Please read part 1 of this blog before continuing…
At Step 2, the court sets the initial starting point and range for the fine and is required to focus on the organisation’s annual turnover or equivalent. The offender is expected to provide accounts for the last three years and if it doesn’t, the court can draw reasonable inferences- including that the offender can pay any fine it chooses to impose.
The easiest way to see how this works is to look at a couple of examples.
If we assume a medium culpability, harm category 2 offence, then the starting point and ranges for each turnover band of business are as follows:
- Large (over £50m): starting point £600,000 – range £300,000 to £1.5m
- Medium (£10m to £50m): starting point £240,000 – range £100,000 to £600,000
- Small (£2m to £10m): starting point £54,000 – range £25,000 to £230,000
- Micro (under £2m): starting point £30,000 – range £14,000 to £70,000
If we then assume a high culpability, harm category 2 offence, the starting points and ranges change significantly:
- Large: £1.1m; £550,000-£2.9m
- Medium: £450,000; £220,000-£1.2m
- Small: £100,000; £50,000-£450,000
- Micro: £54,000; £30,000-£110,000
I said earlier that determination of harm and culpability is the sentencing battleground – this is where the ability of a defendant to position itself and an offence further down the sliding scales is vital; this is where its legal team earn their crust. Whilst you cannot make a silk purse out of a sow’s ear – there is nuance in setting out and demonstrating an organisation’s health and safety management system, its operation, its blameworthiness, and the level of risk of harm first to the HSE, then to a sentencing court. Actual harm is what it is, I’m afraid.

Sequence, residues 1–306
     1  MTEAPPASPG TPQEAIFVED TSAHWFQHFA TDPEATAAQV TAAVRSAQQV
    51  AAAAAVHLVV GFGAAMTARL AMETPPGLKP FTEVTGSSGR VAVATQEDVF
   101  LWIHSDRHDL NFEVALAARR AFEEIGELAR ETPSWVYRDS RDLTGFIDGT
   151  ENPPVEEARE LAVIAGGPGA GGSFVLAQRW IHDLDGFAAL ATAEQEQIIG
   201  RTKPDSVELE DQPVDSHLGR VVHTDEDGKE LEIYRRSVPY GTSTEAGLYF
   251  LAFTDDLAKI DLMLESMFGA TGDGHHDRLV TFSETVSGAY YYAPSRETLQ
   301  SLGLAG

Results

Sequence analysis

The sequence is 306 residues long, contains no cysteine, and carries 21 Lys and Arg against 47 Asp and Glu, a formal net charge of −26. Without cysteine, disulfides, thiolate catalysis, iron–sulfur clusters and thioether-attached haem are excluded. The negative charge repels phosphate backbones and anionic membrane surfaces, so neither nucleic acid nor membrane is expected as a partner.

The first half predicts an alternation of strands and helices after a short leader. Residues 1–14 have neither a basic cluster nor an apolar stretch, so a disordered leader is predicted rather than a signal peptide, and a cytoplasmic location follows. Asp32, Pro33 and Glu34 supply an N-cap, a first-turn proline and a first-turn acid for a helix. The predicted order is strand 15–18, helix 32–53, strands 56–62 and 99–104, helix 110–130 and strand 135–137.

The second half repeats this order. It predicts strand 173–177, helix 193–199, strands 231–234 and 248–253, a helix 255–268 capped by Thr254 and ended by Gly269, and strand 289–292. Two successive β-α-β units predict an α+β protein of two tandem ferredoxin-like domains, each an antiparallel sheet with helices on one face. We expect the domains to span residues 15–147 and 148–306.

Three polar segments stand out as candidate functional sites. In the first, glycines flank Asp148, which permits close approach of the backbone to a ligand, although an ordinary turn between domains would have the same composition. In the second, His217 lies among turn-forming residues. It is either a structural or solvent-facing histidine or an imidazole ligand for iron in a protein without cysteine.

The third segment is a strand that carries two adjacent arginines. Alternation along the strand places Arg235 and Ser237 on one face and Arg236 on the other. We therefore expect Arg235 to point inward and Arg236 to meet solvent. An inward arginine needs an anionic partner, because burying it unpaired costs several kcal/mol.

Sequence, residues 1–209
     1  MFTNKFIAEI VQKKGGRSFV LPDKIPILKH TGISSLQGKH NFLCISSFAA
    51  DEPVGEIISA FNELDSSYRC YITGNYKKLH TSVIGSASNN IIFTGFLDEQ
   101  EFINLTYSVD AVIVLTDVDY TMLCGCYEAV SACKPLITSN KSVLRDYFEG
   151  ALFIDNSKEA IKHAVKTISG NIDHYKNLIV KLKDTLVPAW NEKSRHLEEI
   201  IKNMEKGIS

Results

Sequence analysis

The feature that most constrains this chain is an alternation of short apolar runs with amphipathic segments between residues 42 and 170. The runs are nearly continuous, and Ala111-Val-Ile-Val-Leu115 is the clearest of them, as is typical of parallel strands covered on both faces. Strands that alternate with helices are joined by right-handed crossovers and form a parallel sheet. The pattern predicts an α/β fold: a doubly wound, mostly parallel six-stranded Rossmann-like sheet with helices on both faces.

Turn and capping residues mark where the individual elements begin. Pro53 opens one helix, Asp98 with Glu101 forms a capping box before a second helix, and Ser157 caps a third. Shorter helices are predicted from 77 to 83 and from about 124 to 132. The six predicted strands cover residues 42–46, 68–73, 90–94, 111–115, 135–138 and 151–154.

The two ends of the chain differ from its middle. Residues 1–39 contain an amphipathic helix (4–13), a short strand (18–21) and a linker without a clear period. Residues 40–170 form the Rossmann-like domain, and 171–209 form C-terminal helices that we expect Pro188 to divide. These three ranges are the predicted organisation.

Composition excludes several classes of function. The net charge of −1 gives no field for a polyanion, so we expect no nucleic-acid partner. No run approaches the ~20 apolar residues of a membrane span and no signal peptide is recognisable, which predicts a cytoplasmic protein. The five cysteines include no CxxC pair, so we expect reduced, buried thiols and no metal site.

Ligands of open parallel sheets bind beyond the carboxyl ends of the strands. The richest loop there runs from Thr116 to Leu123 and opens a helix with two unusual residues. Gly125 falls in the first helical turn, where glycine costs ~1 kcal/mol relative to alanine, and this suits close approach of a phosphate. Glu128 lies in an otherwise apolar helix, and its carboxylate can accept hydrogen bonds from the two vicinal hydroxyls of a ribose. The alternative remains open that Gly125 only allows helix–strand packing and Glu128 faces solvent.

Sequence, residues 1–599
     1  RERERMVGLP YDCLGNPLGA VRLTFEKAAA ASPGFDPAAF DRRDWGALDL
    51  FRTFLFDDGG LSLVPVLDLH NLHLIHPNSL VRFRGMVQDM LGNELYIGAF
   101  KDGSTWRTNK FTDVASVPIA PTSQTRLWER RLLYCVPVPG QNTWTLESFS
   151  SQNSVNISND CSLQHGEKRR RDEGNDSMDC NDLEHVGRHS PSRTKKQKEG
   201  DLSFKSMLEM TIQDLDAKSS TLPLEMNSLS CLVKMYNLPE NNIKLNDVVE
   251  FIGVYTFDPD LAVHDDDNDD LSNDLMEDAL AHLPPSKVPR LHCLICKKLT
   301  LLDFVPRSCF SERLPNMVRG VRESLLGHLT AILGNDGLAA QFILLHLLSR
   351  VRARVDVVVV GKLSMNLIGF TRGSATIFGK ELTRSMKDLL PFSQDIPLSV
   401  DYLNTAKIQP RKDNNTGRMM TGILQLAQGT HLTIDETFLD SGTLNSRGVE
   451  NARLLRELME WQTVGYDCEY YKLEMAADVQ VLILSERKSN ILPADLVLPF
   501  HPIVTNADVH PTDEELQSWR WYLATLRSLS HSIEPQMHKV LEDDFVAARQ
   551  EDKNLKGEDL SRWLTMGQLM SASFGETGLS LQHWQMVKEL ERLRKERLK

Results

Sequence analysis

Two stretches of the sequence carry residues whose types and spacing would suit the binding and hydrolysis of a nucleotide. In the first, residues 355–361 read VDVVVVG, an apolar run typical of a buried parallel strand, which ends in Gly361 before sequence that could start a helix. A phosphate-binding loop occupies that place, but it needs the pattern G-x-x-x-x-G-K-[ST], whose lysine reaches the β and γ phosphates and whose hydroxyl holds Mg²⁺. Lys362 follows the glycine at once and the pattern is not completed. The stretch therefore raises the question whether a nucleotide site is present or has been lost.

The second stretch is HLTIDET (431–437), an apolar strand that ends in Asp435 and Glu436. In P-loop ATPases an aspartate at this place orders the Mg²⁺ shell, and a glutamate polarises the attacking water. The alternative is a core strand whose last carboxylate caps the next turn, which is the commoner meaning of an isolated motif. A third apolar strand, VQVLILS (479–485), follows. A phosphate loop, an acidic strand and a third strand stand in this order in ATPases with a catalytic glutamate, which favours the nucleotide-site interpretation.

Further inroads into level of penalty can be made by demonstrating the existence of mitigating factors and the absence of aggravating ones.
- No previous convictions or no relevant/recent convictions
- Evidence of steps taken voluntarily to remedy the problem
- High level of co-operation with the investigation, beyond that which will always be expected
- Good health and safety record
- Effective health and safety procedures in place
- Self-reporting, cooperation and acceptance of responsibility
- Cost-cutting at the expense of safety
- Deliberate concealment of illegal nature of the activity
- Breach of any court order/enforcement notice
- Obstruction of justice
- Poor health and safety record
- Deliberate failure to obtain or comply with relevant licences to avoid scrutiny by authorities
- Vulnerable victims
It can be very instructive to consider these lists and look at how you are doing things now. If the worst should happen, you want your business to be able to put its best foot forward and present as robust a position on its management of health and safety risk as possible – you can see the difference it will make in court.
Your organisation is hopefully one of the wise – proactively investing in health and safety management systems, training your people, actively reviewing policies and processes, and investigating issues effectively. The benefits to you and your people of doing so are obvious.
But there’s a defensive element to it too – all such activity can help avoid the potential for criminal proceedings being launched against you in the first place as well or at least help minimise their impact. If you’re reading this and engaging with Notify – I will assume that you have the benefit of such corporate wisdom!
This concludes the epic 6-part series by Specialist Consultant Solicitor, Tristan Meears-White.
Missed the others? See the whole series below:
Planning for the worst: The key components of a crisis management plan.
Entry, search and seizure: Who are the regulators and what are their powers?
Dealing with health and safety investigations
Interviews under caution – Part 1, What are they? and Part 2, Why do they matter?
Enforcement options: What can regulators do if they find a breach? – Part 1, Cautions and Part 2, Prosecution
The end game: health and safety sentencing – Part 1, Culpability and Harm and Part 2, The Pounds and the Pennies.